Plants can also provide shelter, which all animals need year-round for protection from the elements and predators. In mating seasons, shelter is needed to successfully raise young. Evergreen shrubs and trees protect birds from winter winds and snow. Shade trees provide nest sites and food. Dense shrubs, evergreens and plants with thorns provide safe places to build homes to raise young. A diverse mix of plant types increases the number of bird species that can use your landscape at some point to meet their daily or seasonal needs.

Some birds nest in cavities created by woodpeckers. Natural cavities are in short supply in most managed landscapes because dead and rotting trees are cut down as a safety precaution. Adding birdhouses to an immature landscape will probably only attract invasive house sparrows, but if there is enough open space nearby, it may attract bluebirds or tree swallows. Adding birdhouses to mature landscapes can attract wrens, chickadees, and several other species.

The most important thing you can do to attract more birds to your yard is to add water. A birdbath can work, but larger water bodies with flowing water are even better. Birds and other animals need water all year, even when it is very cold. Not just to drink, but to bathe in. I have seen birds taking a bath in my pond when the air temperature was in the single digits. Not every bird will eat seeds from a feeder, nest in a birdhouse or use the shelter of an evergreen, but every bird needs water, every day.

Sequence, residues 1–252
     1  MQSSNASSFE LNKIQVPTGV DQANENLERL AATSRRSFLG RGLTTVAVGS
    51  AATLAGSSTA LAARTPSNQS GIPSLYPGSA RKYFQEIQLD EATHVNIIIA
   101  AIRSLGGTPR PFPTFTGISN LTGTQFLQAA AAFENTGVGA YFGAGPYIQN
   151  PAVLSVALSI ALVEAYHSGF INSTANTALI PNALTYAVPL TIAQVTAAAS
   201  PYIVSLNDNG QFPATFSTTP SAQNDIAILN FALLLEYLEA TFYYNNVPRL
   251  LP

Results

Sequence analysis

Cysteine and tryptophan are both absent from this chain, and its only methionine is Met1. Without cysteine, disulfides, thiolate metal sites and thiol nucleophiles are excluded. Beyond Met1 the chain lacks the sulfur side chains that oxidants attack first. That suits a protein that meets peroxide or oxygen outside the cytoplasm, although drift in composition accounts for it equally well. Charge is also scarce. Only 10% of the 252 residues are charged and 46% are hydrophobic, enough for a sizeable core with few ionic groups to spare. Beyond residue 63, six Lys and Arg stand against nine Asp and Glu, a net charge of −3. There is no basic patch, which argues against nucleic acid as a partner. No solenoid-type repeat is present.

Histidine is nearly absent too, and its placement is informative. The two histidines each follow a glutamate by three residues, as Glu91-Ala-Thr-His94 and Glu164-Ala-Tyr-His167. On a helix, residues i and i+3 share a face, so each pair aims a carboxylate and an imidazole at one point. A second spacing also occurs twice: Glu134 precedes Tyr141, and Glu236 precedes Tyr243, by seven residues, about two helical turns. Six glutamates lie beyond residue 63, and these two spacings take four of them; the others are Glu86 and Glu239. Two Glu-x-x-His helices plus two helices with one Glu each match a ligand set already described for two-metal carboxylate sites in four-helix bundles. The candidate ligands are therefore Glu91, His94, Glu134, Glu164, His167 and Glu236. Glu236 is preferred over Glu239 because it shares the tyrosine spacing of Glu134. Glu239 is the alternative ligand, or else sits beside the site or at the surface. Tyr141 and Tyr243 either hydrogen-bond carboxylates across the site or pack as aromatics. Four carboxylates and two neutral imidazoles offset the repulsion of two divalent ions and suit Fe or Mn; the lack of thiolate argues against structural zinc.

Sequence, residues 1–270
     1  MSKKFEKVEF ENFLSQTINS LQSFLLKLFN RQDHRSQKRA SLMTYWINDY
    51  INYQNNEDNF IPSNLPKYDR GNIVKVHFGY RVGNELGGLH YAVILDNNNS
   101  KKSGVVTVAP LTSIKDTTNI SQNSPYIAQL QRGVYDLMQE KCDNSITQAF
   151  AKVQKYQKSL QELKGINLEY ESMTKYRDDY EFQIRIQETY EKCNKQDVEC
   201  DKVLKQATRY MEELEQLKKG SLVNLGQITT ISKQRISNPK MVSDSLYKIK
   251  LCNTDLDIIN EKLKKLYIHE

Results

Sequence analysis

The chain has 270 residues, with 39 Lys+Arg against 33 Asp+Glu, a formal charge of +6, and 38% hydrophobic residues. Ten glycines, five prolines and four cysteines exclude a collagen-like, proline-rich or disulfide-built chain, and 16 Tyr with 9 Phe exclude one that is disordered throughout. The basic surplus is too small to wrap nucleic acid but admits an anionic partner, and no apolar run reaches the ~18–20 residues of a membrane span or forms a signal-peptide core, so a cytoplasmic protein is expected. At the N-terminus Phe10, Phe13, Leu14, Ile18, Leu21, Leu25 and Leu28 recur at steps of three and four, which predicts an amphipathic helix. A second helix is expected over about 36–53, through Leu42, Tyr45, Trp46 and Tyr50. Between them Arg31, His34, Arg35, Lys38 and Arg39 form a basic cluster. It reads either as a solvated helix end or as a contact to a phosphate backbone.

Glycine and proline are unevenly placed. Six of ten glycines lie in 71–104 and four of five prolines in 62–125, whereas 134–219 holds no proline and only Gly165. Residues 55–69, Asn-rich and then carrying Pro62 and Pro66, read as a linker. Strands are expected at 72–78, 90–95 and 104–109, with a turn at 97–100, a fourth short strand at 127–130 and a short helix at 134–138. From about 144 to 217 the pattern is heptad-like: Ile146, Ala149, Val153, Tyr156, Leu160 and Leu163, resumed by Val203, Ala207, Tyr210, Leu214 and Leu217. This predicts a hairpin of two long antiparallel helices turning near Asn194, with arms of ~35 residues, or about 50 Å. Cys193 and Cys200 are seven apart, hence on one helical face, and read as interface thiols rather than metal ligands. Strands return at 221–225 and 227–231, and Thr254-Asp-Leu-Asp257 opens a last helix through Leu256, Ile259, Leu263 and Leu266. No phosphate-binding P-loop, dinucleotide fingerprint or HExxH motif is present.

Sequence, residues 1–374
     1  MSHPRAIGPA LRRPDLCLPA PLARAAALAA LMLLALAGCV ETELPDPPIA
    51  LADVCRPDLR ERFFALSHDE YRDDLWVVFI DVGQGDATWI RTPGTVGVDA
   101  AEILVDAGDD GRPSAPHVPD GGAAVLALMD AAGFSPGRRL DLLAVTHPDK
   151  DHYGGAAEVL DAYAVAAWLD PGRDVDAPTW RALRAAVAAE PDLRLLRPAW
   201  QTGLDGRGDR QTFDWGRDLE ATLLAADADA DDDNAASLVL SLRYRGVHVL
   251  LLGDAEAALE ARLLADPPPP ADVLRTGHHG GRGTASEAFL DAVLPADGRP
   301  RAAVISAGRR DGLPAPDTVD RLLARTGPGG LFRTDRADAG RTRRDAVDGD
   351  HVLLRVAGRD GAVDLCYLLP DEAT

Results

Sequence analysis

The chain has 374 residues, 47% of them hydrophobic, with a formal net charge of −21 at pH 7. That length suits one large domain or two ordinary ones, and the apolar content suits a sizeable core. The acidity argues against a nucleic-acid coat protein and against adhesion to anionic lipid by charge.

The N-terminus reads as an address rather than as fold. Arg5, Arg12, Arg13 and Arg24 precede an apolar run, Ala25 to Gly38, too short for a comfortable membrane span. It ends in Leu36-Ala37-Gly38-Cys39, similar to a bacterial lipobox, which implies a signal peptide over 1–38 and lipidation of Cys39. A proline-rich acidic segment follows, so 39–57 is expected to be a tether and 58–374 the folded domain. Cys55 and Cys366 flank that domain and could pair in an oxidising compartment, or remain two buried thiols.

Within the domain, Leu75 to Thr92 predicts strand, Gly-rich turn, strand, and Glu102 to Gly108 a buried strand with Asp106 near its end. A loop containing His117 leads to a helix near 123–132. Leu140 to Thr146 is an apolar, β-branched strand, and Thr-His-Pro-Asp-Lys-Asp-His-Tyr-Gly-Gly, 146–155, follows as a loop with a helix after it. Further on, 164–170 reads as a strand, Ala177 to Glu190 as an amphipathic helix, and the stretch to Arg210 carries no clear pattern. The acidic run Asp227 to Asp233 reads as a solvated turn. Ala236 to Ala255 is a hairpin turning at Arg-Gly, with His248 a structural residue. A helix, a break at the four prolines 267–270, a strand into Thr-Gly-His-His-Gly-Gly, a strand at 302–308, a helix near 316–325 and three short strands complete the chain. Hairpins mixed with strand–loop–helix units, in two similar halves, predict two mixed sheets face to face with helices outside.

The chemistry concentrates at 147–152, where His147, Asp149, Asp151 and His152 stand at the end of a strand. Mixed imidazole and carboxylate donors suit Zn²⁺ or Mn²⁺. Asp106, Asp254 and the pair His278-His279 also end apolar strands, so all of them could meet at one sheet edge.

My 50-year-old, normal-sized suburban landscape has a wide variety of plants. In mid-April, I counted 41 species of plants in bloom, but that doesn’t account for the diversity of birds in my yard. I have photos of more than 40 species of birds using the backyard pond out of the more than 70 species that I have seen in the yard.

If you provide food, water and shelter for birds, you will get more birds in your yard, but there is no guarantee that you will get the exact species you want, and when they do come, you may not be home to see them. On the other hand, you won’t get many birds if you don’t have much of a landscape to attract them. Read up on the birds you want and see if it is feasible to try attracting them. Woodpeckers will be slow to come to a landscape without trees, for instance. Cedar waxwings prefer to eat berries, so adding a variety of shrubs or fruit trees that have berries at different times of the year will help attract them. With a little research and a few plant additions, you may well be able to make your garden far more interesting in the future.